To bring some kind of meaning to their son’s devastating death, they started a foundation, Taylor’s Helping Hands, that brings support to families similarly traumatized by catastrophic accidents and losses. They have now helped hundreds.
One simple but profoundly needful service they provide is to give a bag of essentials to people who suddenly find themselves caught in the timeless, disorienting world of hospital vigils, waiting for the next test, the next diagnosis, the next eyeblink of their critically injured loved one.
One of the simple items in the bag: kleenex.
Teresa wanted to know if her family had any recourse against the university. For any number of reasons her attorneys said no, she had no case. The police had long before deemed the event an accident and after taking statements from friends and writing reports, closed the case. There was simply nothing else to do but mourn and question. Why? How?
Teresa reached out to me a while ago and told me her story. I was saddened and horrified, even though these matters do tend to come my way. I spent some time and studied a pile of reports she sent me. I knew I could never answer the question “why” for her, but at least maybe I could answer the question “how”.
It was not to be. I can’t understand how Taylor went out the window that night. But Teresa was overflowing with gratitude that I gave her precious son’s memory a few moments of importance. All I did was try to understand and that was enough for her. It was more than she had.
Teresa sent me a manila envelope with a tiny shard of glass taped to a piece of paper.The writing on the paper said “Chain of Custody”. It was glass from the dormitory window Taylor fell through. A while ago Teresa sent me an email. “Mark, can you please send back the piece of glass? It is quite important to me. It’s really all I have.”
When writing this article I struggled with, “Where do I want to take this? What is my goal? What is the message I am trying to convey? For what it’s worth, This is what I’ve got.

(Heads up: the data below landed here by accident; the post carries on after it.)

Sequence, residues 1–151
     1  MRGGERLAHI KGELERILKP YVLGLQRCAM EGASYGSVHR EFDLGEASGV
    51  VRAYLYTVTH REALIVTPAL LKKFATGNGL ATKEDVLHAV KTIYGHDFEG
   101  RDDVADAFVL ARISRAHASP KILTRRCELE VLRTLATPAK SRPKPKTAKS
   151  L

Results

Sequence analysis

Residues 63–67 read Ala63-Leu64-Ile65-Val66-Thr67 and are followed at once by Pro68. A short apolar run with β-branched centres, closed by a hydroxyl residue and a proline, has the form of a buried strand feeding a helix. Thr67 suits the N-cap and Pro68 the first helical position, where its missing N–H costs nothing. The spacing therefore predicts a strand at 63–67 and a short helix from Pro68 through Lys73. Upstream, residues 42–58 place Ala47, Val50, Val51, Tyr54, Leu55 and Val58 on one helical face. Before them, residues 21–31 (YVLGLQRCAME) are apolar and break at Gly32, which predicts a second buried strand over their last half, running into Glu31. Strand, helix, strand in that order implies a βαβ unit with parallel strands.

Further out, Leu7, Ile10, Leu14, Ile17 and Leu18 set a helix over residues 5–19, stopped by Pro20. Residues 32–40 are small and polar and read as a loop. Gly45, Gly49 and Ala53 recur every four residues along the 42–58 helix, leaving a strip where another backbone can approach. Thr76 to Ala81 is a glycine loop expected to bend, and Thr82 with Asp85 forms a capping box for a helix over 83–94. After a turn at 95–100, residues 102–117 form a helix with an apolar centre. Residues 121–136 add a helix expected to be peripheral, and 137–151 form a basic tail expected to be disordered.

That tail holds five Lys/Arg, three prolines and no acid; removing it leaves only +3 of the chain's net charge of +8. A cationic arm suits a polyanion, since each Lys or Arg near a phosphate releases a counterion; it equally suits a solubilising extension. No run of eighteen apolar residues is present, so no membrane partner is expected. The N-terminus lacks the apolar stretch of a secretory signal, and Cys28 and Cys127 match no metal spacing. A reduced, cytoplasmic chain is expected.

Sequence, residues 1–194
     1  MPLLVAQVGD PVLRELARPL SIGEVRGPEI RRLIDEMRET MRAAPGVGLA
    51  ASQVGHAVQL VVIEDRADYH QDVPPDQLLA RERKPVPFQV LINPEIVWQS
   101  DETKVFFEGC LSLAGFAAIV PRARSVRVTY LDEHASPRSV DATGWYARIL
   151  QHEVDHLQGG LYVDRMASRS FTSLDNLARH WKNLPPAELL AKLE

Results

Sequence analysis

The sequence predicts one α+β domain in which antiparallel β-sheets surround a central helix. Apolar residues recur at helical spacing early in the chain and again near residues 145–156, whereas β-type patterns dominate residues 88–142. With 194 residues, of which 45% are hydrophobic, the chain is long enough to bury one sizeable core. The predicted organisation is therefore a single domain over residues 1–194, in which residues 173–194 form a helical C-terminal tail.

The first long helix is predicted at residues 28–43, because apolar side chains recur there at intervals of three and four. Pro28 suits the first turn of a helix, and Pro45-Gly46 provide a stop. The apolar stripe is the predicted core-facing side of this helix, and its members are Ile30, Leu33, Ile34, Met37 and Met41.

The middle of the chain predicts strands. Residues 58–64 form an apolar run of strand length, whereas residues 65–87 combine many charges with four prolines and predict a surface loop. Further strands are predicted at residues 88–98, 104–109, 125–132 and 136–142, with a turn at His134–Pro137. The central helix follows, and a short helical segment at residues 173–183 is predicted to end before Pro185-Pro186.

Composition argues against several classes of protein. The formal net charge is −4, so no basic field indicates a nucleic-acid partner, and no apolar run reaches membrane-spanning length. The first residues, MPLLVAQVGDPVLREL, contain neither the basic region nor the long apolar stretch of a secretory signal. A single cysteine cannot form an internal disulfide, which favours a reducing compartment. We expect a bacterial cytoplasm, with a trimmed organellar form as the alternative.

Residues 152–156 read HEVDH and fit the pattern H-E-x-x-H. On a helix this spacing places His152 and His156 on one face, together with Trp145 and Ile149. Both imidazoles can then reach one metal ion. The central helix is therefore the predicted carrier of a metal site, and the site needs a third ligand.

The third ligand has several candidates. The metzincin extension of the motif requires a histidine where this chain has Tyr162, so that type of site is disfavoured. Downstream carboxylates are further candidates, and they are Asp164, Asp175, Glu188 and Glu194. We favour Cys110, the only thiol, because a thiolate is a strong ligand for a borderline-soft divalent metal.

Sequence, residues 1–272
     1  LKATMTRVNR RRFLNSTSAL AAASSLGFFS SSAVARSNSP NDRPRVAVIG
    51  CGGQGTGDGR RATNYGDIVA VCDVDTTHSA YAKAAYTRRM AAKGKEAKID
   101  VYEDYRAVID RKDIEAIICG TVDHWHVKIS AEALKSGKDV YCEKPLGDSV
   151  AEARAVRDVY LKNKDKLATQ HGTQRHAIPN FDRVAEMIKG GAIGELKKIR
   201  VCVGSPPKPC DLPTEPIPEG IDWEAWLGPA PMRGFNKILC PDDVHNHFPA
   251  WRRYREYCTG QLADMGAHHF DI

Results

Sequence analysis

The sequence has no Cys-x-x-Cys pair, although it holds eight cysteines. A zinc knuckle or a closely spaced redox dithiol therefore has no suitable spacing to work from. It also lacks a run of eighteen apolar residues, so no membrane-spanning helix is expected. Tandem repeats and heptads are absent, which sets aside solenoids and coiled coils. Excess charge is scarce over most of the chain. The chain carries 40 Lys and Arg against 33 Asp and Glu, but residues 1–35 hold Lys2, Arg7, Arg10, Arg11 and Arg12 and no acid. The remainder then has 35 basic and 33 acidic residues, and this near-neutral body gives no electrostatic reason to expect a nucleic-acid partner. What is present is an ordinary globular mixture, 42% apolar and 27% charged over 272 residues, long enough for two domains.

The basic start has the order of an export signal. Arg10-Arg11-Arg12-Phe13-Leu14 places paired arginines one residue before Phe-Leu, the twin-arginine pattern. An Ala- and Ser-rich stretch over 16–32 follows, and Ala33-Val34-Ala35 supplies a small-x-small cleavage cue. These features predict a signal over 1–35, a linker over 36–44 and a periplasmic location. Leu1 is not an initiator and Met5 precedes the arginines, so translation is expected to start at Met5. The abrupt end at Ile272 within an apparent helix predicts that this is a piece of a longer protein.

College is a time when adolescents follow a zigzag path toward adulthood. They try new things and don’t always make good choices. They feel immortal. To them I say, read Taylor and the Cochrans’ story. Be grateful it did not happen to you, then make sure it never does. You are not as immortal as you think. Really bad things can happen in an eyeblink. And take care of your friends.
To parents I say, you have a tough job and there is no cookbook answer. If your household rules are quite restrictive, ask yourself if this much control will prepare your child for a time when there are few rules. If your child is a bit wild, you will need to work on reasonable controls and increasing structure. With all kids, try hard to keep lines of communication open.
To universities and their architects I say, it’s time to focus on window safety. Articles about window falls from college dormitories abound on the internet. It’s time to review the building codes we have in place alongside the sad list of accidents that seem to happen every year in our colleges and universities, and add safety measures that better protect our children as they work their way toward adulthood.